May 29, 2024 9:08 am
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Abortion Bans Threaten Jail Time for Pregnant People

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Jeff Fuentes Gleghorn

After the Supreme Court overturned Roe v. Wade, pregnant people could now be sent to prison if they experience a miscarriage or stillbirth. Advocates for abortion access, like the National Advocates for Pregnant Women (NAPW), have been tracking cases where pregnant people were charged with a crime because of a miscarriage or stillbirth. NAPW found that between 1973 and 2020, there were over 1,700 cases where pregnant women were arrested and prosecuted because of a miscarriage or abortion, with 1,331 of those cases happening after 2006. Defenders of abortion bans note that nearly all of the laws say that a parent cannot be charged for getting an abortion. However, NAPW has shown that police and prosecutors are using related laws to put parents who experience a miscarriage in prison anyways. Recently, an Alabama woman was charged with manslaughter after being shot in the stomach and losing her pregnancy. Another woman in Iowa was charged with feticide after she fainted and fell down the stairs. Women have also been jailed for “abusing a corpse” and “hiding a birth” when they didn’t follow the correct reporting procedure after a miscarriage or stillbirth.

In Georgia, the 2019 abortion ban, often referred to by the medically inaccurate name “heartbeat bill,” is set to go into effect now that Roe has been overturned The bill allows “for the jailing of women who seek abortion after this time period” and also “would allow for women deemed responsible for their own miscarriages to be sentenced for second-degree murder.” Medical professionals say that the bill “defies science, since it’s impossible to determine the cause of an early miscarriage.” Between 10 and 25 percent of clinically recognized pregnancies end in miscarriage, but medical professionals are not able to tell the cause of first trimester miscarriages, and often cannot pinpoint a cause even in later term miscarriages or stillbirths.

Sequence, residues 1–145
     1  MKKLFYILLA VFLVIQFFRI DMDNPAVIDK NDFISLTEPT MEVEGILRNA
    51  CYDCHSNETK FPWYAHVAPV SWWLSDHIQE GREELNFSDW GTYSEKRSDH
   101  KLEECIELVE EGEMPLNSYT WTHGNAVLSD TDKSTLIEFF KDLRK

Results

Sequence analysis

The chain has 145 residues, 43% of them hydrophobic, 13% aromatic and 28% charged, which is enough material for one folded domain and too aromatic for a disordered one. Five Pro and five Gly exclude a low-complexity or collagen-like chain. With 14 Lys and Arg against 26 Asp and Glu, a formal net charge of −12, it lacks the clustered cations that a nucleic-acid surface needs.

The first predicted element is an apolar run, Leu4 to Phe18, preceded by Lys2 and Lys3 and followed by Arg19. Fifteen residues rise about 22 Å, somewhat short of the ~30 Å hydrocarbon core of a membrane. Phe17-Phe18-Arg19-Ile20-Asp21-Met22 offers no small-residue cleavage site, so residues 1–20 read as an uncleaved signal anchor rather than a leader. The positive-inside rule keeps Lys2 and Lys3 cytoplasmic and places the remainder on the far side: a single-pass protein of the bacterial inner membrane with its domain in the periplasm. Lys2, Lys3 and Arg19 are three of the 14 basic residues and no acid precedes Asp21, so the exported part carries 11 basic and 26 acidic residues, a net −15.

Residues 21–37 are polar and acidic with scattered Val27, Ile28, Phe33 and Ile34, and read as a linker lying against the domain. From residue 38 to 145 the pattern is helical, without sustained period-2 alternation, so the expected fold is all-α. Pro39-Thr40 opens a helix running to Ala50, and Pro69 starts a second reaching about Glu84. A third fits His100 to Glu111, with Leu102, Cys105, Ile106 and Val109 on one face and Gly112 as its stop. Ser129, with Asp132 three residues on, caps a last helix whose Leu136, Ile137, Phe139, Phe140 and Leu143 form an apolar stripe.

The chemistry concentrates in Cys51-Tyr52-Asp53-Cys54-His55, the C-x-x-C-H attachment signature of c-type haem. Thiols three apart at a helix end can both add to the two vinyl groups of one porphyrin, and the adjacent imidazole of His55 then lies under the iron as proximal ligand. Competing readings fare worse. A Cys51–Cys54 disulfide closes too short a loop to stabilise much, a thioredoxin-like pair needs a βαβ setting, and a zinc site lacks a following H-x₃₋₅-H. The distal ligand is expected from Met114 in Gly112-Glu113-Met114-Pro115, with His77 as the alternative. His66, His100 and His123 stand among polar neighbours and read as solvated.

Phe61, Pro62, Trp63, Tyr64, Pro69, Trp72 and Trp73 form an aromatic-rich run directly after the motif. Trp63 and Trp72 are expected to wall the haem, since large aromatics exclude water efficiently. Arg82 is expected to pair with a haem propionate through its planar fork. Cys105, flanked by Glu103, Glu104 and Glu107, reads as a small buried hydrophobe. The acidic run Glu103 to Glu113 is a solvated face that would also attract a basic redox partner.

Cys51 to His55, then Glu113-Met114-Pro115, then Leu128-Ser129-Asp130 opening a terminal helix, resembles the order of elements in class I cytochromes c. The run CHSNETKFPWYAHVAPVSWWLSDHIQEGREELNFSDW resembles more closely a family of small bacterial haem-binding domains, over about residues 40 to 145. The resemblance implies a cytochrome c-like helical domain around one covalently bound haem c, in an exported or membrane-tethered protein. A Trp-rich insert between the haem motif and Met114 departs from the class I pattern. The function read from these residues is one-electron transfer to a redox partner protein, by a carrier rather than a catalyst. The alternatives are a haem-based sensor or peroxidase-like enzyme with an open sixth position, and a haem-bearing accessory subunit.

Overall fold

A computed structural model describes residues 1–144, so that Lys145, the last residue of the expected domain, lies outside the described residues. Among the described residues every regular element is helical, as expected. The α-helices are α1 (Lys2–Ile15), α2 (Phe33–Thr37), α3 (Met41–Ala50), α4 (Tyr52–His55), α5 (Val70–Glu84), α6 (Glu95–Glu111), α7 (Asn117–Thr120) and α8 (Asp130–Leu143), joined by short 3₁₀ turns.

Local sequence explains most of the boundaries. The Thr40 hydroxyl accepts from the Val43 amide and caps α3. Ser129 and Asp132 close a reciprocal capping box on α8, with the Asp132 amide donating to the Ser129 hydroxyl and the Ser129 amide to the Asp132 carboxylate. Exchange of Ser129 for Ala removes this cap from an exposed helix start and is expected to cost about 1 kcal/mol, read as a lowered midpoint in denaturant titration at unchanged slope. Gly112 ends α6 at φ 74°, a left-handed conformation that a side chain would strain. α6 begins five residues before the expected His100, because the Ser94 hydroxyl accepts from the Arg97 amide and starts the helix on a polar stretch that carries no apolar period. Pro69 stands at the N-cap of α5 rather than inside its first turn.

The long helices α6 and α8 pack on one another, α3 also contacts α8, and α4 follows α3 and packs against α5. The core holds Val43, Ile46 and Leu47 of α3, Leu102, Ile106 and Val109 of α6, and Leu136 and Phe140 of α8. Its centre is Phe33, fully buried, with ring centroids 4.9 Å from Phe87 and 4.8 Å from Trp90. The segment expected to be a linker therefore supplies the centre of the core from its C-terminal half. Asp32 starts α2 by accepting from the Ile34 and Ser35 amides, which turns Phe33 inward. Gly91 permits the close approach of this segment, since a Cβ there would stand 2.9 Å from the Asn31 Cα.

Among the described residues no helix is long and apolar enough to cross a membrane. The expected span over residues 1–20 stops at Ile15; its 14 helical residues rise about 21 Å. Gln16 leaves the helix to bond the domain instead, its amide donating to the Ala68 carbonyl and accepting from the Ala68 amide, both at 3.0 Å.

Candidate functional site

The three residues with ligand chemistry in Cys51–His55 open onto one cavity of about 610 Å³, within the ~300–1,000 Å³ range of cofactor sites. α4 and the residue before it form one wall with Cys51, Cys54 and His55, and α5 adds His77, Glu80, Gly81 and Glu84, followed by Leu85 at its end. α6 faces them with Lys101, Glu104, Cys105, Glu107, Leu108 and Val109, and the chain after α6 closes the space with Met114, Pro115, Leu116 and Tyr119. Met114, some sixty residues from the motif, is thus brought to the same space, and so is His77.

Georgia Supreme Court justices appear skeptical of Athens DA’s claim of open records exemption

In an upcoming ruling, Georgia’s Supreme Court will weigh in on a claim brought by Athens-Clarke District Attorney Deborah Gonzalez, arguing that top prosecutors are exempt from the state’s open records laws. The case involves assertions that the trial court overlooked a constitutional provision in denying Gonzalez’s motion to dismiss an open records complaint, mirroring similar immunity arguments made by Fulton County District Attorney Fani Willis in a separate case related to the 2020 presidential election interference.

CNN sets first Biden-Trump presidential debate for June 27 in Atlanta

CNN announced today that it will host a debate between President Joe Biden and presumptive Republican presidential nominee Donald Trump at the network’s Atlanta studios on June 27, with no audience present. Both candidates have agreed to participate, marking a pivotal moment in the lead-up to the November election as they engage in direct exchanges over key issues.

Georgia public colleges to expand admissions testing requirements for fall 2026

Georgia colleges are reverting to requiring standardized test scores for all new applicants, signaling a shift from pandemic-era policies. Beginning in fall 2026, institutions including Augusta University, The University of Georgia, and Georgia Tech will mandate SAT or ACT scores, a decision unanimously approved by the Georgia Board of Regents.